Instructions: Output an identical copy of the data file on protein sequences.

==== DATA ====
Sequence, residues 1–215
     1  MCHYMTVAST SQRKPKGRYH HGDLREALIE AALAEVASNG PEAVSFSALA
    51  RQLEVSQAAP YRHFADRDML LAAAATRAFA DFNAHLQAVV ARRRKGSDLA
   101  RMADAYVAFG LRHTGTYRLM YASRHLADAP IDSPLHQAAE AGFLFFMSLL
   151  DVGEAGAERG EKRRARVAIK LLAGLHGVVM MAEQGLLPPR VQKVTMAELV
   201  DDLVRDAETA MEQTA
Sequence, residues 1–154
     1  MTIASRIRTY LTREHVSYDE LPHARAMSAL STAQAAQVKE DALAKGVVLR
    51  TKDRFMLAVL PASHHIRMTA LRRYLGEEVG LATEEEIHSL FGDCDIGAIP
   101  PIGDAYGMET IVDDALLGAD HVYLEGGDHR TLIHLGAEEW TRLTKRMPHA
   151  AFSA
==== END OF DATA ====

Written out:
Sequence, residues 1–215
     1  MCHYMTVAST SQRKPKGRYH HGDLREALIE AALAEVASNG PEAVSFSALA
    51  RQLEVSQAAP YRHFADRDML LAAAATRAFA DFNAHLQAVV ARRRKGSDLA
   101  RMADAYVAFG LRHTGTYRLM YASRHLADAP IDSPLHQAAE AGFLFFMSLL
   151  DVGEAGAERG EKRRARVAIK LLAGLHGVVM MAEQGLLPPR VQKVTMAELV
   201  DDLVRDAETA MEQTA
Sequence, residues 1–154
     1  MTIASRIRTY LTREHVSYDE LPHARAMSAL STAQAAQVKE DALAKGVVLR
    51  TKDRFMLAVL PASHHIRMTA LRRYLGEEVG LATEEEIHSL FGDCDIGAIP
   101  PIGDAYGMET IVDDALLGAD HVYLEGGDHR TLIHLGAEEW TRLTKRMPHA
   151  AFSA